The U.S. Like the EU or Switzerland are liberal states, and in general striving for appropriate and balanced regulation than harsh and restrictive ones, let alone bans. Bans, on the other side, are interventionistic, prohibitive and to a certain extent also fanciless, but ultimately ineffective measures to mitigate risks. They are usually also rather applied by protectionist economies and autocratic regimes - see chart. The U.S. probably still is the most economically liberal and competitive, i.e. innovative economy globally. Regulatory measures hence will be moderate, in general. They will most likely also abstain from fundamentally new legislation or even paradigm shifts as building upon existing law like the EU or Switzerland which have followed kind of a gap-filling exercise for the crypto-world.
As for the regulation, federal and state's legislation need to be differentiated. The U.S. is a country which leaves their states greater autonomy as other democratic and federalist state systems, similar like Switzerland with their (e.g. tax) legislation even on 3 levels (the federal government, the canton and the municipality).
At the federal level there are different authorities which will have a relevant say regarding the crypto-regulation, and amongst others particularly the SEC (U.S. Securities and Exchange Commission), the OCC (Office of the Comptroller of the Currency) and the CFTC (Commodity Futures Trading Commission). Further, and as the government has recognized the urge to come out with a coordinated crypto-legislation or framework, there is a task force put in place to drive progress (more here). At the federal level there is currently the biggest gap and as mentioned before, first there needs to be a clear cut governance in place before, regulation will be shaped out (more here).
In contrast, at the U.S. state's level, some quite concrete legislation momentum can be observed, mainly driven by competitive motivation to tap DLT-market potential early and position the local economy for the future. In general, this regulation is economy friendly, hence formative rather than restrictive. As an example, Illinois is about to pass a legislation to adopt cryptocurrencies and blockchain technology after Nebraska and Wyoming which have already done so (more here).
In sum, one can hence expect regulation rather than bans at both, the federal and the state's level and a trend to economy-friendly formative legislation at the state's levels. At the federal level, though, regulation will be economy friendly as described above but also of restrictive character, where crypto-risks are in the foreground. To be named as the most prominent purposes for regulation are clearly protection from money laundering and terrorist financing, consumer investment protection, newly also ecological purposes like carbon-reduction (e.g. through mining) and of course taxation. All these purposes are protected already today in the traditional financial system via by nature restrictive regulation. They are in principle legitimate, and thus will eventually be rolled out to the crypto-world. The IRS (Internal Reserve Service) does so already today and not only within the borders of the U.S.: On the hunt for tax cheats, 'Uncle Sam' is forcing cryptocurrency exchanges like Kraken to reveal their customers (more here). It would go beyond the scope of this article to dig deeper into the different fields of the U.S. federal legislation. Instead, I like to refer to a very good overview on the current and pending crypto-legislation.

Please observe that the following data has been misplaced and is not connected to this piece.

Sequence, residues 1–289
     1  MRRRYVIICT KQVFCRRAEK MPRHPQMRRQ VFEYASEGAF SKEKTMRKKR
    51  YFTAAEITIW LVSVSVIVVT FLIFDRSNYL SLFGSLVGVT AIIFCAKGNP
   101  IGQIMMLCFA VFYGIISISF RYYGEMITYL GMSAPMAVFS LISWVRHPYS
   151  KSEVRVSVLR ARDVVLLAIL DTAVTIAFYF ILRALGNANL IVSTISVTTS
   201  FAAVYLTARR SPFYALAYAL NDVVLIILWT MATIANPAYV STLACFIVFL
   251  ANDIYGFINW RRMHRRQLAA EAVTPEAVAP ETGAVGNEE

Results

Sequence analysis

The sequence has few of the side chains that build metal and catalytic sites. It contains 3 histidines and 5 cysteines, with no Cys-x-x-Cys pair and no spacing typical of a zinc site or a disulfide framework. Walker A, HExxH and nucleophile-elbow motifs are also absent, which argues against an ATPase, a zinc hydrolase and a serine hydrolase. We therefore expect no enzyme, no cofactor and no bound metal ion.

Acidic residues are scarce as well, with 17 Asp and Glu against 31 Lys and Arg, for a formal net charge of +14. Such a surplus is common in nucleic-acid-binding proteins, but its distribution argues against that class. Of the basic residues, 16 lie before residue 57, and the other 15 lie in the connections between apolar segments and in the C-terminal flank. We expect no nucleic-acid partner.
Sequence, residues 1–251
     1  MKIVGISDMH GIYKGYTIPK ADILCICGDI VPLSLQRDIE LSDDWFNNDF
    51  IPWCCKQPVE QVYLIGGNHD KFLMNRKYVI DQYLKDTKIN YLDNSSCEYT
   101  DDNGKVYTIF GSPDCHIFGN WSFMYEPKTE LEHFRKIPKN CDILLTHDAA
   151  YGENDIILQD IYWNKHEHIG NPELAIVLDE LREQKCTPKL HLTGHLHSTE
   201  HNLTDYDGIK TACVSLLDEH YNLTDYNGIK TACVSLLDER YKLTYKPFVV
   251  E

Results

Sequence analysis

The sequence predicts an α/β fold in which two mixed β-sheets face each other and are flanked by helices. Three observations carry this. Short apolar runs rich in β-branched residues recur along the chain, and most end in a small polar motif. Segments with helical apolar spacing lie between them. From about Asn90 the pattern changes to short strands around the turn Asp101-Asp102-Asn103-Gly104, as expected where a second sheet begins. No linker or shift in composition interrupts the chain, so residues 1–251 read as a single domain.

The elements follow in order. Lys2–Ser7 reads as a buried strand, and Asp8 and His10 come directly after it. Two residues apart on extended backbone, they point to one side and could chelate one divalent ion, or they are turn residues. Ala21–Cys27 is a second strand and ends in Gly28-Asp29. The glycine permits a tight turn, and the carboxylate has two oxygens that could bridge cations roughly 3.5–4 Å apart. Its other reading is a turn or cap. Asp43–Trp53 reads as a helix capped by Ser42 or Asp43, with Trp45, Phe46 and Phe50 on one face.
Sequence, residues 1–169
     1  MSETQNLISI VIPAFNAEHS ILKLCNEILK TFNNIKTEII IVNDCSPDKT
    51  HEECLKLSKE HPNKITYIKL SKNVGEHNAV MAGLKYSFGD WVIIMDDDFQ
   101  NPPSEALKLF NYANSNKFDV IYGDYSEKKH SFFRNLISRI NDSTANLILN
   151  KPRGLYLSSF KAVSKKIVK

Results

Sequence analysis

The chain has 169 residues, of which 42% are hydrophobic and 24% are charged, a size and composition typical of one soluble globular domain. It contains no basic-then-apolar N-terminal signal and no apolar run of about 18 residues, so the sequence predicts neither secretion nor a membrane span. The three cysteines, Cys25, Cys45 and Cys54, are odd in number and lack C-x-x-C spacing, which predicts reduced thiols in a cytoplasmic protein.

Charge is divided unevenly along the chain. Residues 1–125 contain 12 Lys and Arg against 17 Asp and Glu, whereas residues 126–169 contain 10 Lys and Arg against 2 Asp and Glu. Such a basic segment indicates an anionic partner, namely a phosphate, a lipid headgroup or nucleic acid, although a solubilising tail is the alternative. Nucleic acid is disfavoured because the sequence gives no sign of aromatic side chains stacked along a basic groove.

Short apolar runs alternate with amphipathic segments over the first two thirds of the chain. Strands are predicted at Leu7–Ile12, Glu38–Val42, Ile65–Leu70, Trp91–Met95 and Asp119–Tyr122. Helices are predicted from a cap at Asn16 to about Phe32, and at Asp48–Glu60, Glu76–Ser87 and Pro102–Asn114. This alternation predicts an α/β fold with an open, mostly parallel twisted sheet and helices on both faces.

When will the U.S. fire off their crypto-regulation?
It remains the key question particularly to the investor's world, when U.S. regulation will hit the ground. More important yet, will be, if there will be an (orchestrated) big bang or a staggered approach with one regulatory body after the other making their stance(s). In the latter case, markets could face sequences of dips and recover subsequently, whereas with a big bang, one can expect a massive dip of dimensions as seen last week.
As outlined in this article, the U.S. will regulate in a rather moderate way to protect its own economy and also consumers and (crypto) investors. There is no obvious interest hence, to hit the market hard, on the contrary: The loud warning voices from government officials from crypto-risks at an increasing high frequency since start of 2021 can be interpreted as an indication, that formative and restrictive regulation can soon be expected.